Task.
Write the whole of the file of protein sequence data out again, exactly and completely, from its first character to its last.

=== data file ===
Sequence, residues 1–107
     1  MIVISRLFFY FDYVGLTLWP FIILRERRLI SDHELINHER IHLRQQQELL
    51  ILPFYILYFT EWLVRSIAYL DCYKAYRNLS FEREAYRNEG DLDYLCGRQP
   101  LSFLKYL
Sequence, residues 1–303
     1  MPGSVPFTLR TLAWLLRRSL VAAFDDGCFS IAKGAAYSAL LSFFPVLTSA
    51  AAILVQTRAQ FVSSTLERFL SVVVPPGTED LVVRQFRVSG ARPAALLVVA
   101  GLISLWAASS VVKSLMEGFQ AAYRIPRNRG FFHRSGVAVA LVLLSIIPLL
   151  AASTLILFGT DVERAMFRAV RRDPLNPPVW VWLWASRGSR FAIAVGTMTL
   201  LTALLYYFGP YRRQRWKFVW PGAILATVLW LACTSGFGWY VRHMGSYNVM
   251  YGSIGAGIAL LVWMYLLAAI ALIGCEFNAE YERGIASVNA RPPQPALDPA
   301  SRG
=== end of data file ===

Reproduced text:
Sequence, residues 1–107
     1  MIVISRLFFY FDYVGLTLWP FIILRERRLI SDHELINHER IHLRQQQELL
    51  ILPFYILYFT EWLVRSIAYL DCYKAYRNLS FEREAYRNEG DLDYLCGRQP
   101  LSFLKYL
Sequence, residues 1–303
     1  MPGSVPFTLR TLAWLLRRSL VAAFDDGCFS IAKGAAYSAL LSFFPVLTSA
    51  AAILVQTRAQ FVSSTLERFL SVVVPPGTED LVVRQFRVSG ARPAALLVVA
   101  GLISLWAASS VVKSLMEGFQ AAYRIPRNRG FFHRSGVAVA LVLLSIIPLL
   151  AASTLILFGT DVERAMFRAV RRDPLNPPVW VWLWASRGSR FAIAVGTMTL
   201  LTALLYYFGP YRRQRWKFVW PGAILATVLW LACTSGFGWY VRHMGSYNVM
   251  YGSIGAGIAL LVWMYLLAAI ALIGCEFNAE YERGIASVNA RPPQPALDPA
   301  SRG